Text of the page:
The Hub’s Database#

JupyterHub uses a database to store information about users, services, and other data needed for operating the Hub.

Default SQLite database#

The default database for JupyterHub is a SQLite database. We have chosen SQLite as JupyterHub’s default for its lightweight simplicity in certain uses such as testing, small deployments and workshops.

For production systems, SQLite has some disadvantages when used with JupyterHub:

  • upgrade-db may not work, and you may need to start with a fresh database

  • downgrade-db will not work if you want to rollback to an earlier version, so backup the jupyterhub.sqlite file before upgrading

The sqlite documentation provides a helpful page about when to use SQLite and where traditional RDBMS may be a better choice.

Using an RDBMS (PostgreSQL, MySQL)#

When running a long term deployment or a production system, we recommend using a traditional RDBMS database, such as PostgreSQL or MySQL, that supports the SQL ALTER TABLE statement.

Notes and Tips#


The SQLite database should not be used on NFS. SQLite uses reader/writer locks to control access to the database. This locking mechanism might not work correctly if the database file is kept on an NFS filesystem. This is because fcntl() file locking is broken on many NFS implementations. Therefore, you should avoid putting SQLite database files on NFS since it will not handle well multiple processes which might try to access the file at the same time.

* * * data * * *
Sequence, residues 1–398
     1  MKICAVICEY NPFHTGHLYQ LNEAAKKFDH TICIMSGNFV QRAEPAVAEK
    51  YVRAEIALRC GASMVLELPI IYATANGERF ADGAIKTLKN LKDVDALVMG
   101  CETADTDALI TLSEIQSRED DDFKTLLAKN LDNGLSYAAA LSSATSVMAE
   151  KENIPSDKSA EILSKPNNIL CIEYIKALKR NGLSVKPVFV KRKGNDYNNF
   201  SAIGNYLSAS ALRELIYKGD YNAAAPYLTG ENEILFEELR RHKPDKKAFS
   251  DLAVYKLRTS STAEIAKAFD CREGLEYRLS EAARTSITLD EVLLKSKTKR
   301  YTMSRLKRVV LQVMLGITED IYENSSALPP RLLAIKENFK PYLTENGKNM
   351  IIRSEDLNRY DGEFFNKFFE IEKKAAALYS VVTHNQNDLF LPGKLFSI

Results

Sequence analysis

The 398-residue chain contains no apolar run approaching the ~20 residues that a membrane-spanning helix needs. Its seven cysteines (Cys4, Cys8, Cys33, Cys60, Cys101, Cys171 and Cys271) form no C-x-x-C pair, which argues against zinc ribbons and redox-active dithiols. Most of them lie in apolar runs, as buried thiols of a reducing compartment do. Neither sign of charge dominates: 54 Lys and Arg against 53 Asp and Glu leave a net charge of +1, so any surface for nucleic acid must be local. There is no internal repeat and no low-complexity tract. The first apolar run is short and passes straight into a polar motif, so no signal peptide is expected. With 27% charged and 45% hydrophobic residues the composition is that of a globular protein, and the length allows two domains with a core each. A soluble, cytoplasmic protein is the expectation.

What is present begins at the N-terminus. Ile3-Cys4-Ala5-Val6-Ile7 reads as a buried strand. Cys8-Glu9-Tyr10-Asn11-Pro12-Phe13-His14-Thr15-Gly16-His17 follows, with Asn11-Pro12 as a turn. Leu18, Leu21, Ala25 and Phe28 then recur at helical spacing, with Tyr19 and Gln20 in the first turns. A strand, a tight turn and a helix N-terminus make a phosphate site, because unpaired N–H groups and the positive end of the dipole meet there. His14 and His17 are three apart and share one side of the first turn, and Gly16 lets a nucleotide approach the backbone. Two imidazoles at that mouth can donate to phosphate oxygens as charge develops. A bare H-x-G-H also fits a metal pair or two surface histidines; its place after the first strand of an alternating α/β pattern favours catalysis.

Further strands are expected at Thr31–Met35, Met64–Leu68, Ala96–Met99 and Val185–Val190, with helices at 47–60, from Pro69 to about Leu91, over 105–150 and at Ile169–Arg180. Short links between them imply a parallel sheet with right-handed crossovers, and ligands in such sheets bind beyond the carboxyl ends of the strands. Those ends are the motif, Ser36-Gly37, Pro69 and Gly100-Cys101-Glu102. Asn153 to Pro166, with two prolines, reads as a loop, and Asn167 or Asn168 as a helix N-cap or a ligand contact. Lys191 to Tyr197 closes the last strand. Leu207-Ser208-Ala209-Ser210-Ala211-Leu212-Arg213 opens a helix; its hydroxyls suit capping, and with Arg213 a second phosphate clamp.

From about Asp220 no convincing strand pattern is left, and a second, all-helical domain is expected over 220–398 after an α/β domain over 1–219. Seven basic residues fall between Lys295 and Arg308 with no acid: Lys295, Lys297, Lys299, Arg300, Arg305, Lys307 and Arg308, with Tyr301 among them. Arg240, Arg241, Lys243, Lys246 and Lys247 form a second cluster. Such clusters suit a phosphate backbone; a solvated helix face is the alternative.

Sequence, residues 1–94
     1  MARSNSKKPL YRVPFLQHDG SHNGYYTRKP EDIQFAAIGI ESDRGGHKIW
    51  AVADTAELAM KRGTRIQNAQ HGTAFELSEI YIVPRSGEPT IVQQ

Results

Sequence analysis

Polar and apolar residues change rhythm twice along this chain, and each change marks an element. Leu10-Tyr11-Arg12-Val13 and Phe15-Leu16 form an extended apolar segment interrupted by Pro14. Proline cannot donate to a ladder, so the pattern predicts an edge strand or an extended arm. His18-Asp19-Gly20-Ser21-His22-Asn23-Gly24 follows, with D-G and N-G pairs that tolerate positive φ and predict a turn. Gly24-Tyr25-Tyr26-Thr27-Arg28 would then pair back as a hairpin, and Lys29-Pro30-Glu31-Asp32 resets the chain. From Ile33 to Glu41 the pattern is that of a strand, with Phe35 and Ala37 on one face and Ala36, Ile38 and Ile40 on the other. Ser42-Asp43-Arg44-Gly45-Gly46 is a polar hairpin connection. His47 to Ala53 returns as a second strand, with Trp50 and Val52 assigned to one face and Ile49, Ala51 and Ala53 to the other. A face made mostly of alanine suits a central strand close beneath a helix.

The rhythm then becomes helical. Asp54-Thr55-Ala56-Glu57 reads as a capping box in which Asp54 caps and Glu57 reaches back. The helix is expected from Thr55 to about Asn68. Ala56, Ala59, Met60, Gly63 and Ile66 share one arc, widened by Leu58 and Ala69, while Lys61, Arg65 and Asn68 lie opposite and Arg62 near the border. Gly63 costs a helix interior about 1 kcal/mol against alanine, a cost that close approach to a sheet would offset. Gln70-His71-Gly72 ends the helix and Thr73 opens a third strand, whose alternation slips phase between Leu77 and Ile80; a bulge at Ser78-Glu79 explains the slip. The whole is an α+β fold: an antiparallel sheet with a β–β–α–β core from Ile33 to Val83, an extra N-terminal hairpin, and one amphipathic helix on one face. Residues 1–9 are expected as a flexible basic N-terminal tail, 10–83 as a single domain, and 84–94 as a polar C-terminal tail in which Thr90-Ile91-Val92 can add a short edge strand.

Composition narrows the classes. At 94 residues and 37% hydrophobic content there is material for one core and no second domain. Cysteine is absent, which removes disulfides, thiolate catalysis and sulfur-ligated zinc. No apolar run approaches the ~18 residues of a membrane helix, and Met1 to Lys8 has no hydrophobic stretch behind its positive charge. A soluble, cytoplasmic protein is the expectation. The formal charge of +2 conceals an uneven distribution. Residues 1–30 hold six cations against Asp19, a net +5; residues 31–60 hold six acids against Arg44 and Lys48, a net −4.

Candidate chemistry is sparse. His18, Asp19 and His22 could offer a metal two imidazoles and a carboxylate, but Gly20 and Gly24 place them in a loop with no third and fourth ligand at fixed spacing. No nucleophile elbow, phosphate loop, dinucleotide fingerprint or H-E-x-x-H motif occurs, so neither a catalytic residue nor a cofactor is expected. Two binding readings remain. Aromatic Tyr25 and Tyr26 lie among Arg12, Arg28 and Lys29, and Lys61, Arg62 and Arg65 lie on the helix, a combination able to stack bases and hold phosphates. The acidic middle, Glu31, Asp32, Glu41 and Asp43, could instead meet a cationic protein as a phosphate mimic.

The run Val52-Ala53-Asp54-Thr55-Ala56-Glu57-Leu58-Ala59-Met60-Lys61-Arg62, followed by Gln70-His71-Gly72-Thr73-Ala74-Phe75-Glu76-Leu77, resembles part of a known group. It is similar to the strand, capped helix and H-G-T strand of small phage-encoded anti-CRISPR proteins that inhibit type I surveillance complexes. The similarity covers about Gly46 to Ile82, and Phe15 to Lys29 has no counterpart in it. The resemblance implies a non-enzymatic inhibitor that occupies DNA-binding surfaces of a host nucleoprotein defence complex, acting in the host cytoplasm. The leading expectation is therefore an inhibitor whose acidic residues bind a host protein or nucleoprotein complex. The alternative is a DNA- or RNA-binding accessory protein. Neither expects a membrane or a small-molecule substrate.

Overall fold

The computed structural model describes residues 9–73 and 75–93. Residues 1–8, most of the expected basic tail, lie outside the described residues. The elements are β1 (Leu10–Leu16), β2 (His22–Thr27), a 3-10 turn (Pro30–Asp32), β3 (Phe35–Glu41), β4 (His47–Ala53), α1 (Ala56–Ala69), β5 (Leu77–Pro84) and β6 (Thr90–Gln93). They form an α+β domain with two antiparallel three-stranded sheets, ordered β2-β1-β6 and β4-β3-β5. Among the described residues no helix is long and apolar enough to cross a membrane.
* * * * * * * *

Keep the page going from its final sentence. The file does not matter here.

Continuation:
We recommend using PostgreSQL for production if you are unsure whether to use MySQL or PostgreSQL or if you do not have a strong preference. There is additional configuration required for MySQL that is not needed for PostgreSQL.

MySQL / MariaDB#

  • You should use the pymysql sqlalchemy provider (the other one, MySQLdb, isn’t available for py3).

  • You also need to set pool_recycle to some value (typically 60 - 300) which depends on your MySQL setup. This is necessary since MySQL kills connections serverside if they’ve been idle for a while, and the connection from the hub will be idle for longer than most connections. This behavior will lead to frustrating ‘the connection has gone away’ errors from sqlalchemy if pool_recycle is not set.

  • If you use utf8mb4 collation with MySQL earlier than 5.7.7 or MariaDB earlier than 10.2.1 you may get an 1709, Index column size too large error. To fix this you need to set innodb_large_prefix to enabled and innodb_file_format to Barracuda to allow for the index sizes jupyterhub uses. row_format will be set to DYNAMIC as long as those options are set correctly. Later versions of MariaDB and MySQL should set these values by default, as well as have a default DYNAMIC row_format and pose no trouble to users.